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    Yes, "elective clerkship" isn't synonymous w/ "elective" (I mis-wrote) but the point is that they were using "visiting clerkship" and "elective clerkship" and "clerkship" interchangeably. And while at your own school, there may be a difference, the OP's question was about the general use/meaning of the word and clearly away rotations/electives/clerkships are used synonymously by many schools. To be fair, maybe in my response I should have said: it may depend on whether you're looking at rotations at your home program vs. away rotations. At your home program, clerkships often (but not always) refer just to the mandatory 3rd yr rotations. For away rotations, clerkships = electives.

    As such, at some schools, you do contact a "clerkship director" or clerkship office for electives. At my school, scheduling's run through the registrar and we don't use the term "clerkship" at all, it just depends. At the very least, the clerkship director you're contacting should be able to point you to whomever you're supposed to talk to.

    Also, I assumed that BigRedBeta wasn't requiring an explanation of electives vs. sub-is but rather that often it seems like all 4th year rotations are actually sub-is rather than electives. I know I've felt that way...for example, at my school, you can't do an elective in surgery or peds or medicine. Only sub-i's. And many away rotations I've looked at refer to the rotation as a sub-i/acting internship.
     
    #10 socmob, Dec 29, 2008
    Last edited: Dec 29, 2008
  12. Law2Doc

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    Your school is not really the norm on this, based on what I have experienced/heard. At most schools at which I have contacts, there are sub-I's and there are electives during fourth year, and they are NOT equivalents by any stretch of the imagination. Most schools require you to do 1-2 sub-Is. These are where you function as the equivalent of an intern (but with greater supervision). They tend to be valuable opportunities to get good LORs for residency applications, because the attendings can give residency programs a better sense of how you will manage an actual internship, and they give the students a window into what to expect after graduation. Then there are the electives, which are much more chill, and where your responsibility is often quite limited -- these tend to be in things you didn't have third year rotations in, or where your exposure during third year was more limited (things like derm, rads, anethesia, path, ortho, optho, etc.). Lots of people try these to get a flavor of those fields, or because they want to go into them, or because some are light enough schedules to allow folks to interview or study for Step 2. So they are very different than a Sub-I as that term tends to be used. I would encourage you to talk to folks at more schools because much of what you describe is very different than what most of the schools have in place.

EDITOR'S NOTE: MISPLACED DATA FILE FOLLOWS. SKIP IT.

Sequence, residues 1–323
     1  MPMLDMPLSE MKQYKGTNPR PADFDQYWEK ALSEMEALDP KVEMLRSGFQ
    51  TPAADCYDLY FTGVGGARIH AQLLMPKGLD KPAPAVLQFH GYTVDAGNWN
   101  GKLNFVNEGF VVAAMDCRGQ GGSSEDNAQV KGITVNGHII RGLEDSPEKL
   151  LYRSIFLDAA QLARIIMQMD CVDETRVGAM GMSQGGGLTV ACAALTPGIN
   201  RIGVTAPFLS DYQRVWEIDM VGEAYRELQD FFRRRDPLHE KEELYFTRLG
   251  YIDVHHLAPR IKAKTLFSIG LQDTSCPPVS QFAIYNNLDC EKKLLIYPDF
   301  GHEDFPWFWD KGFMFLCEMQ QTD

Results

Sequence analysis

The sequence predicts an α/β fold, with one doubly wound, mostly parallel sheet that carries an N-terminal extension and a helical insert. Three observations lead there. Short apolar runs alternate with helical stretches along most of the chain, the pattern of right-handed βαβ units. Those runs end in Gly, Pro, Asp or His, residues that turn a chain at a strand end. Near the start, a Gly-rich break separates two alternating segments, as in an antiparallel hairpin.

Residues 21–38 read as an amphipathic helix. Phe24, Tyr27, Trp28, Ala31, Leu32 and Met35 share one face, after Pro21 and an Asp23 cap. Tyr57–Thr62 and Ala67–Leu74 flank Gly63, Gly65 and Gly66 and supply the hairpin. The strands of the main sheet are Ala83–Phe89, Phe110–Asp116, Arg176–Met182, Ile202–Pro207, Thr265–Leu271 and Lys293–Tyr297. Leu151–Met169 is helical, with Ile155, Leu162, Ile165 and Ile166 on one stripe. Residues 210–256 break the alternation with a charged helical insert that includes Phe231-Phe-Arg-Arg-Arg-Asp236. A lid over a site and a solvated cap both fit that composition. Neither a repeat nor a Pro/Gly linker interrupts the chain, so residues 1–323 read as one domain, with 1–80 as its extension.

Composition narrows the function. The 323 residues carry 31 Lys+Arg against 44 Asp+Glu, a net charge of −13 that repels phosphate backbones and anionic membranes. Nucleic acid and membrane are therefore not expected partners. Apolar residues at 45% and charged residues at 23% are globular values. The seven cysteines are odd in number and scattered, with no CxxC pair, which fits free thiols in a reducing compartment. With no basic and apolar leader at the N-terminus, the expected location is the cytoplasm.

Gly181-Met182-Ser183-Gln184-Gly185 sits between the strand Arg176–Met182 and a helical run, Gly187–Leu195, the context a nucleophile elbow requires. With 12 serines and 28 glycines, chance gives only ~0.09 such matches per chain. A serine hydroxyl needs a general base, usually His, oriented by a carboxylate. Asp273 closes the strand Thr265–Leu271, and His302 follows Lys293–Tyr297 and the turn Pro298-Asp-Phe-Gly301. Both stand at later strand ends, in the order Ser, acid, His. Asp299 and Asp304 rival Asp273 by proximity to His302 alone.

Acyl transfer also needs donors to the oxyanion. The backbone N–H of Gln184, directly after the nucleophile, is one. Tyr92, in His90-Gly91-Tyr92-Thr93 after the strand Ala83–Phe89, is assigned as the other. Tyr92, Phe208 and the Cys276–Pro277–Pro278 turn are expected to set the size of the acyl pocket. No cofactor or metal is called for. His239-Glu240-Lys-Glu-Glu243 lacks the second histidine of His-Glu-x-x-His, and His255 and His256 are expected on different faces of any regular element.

And I would limit your focus on terminology for "away rotations" because, as you have already demonstrated, the terminology for an away rotation tends to be confused and different than what people experience at their home school. An away rotation is an opportunity to "audition" to a program you may want to apply to. In some away rotations you will, in fact be applying to do a Sub-I at a particular school, at others it may be an elective -- it depends on the offerings of the school. For instance most of the IM or surgery offerings in 4th year may be Sub-Is, while more specific subspecialties like cardiology or nephrology may be electives, and things like derm or optho may only be electives. But in an application for an away rotation, it's a pain to talk about "sub-I or elective" away rotation so for convenience, they may call it things like an "elective clerkship", a "sub-I" and so on. But that is a catalog convenience, not a definitional term. For the most part, at most schools a Sub-I and an elective are different things. Which is why if you go to the ERAS discussion board, you will see talk of saving one LOR space on ERAS for a recommendation from your sub-I rather than using it up with electives. A sub-I is just different, and adds more value because it tends to be more like what you will experience in residency than in third year. An elective, by contrast may be even less stringent than a third year rotation.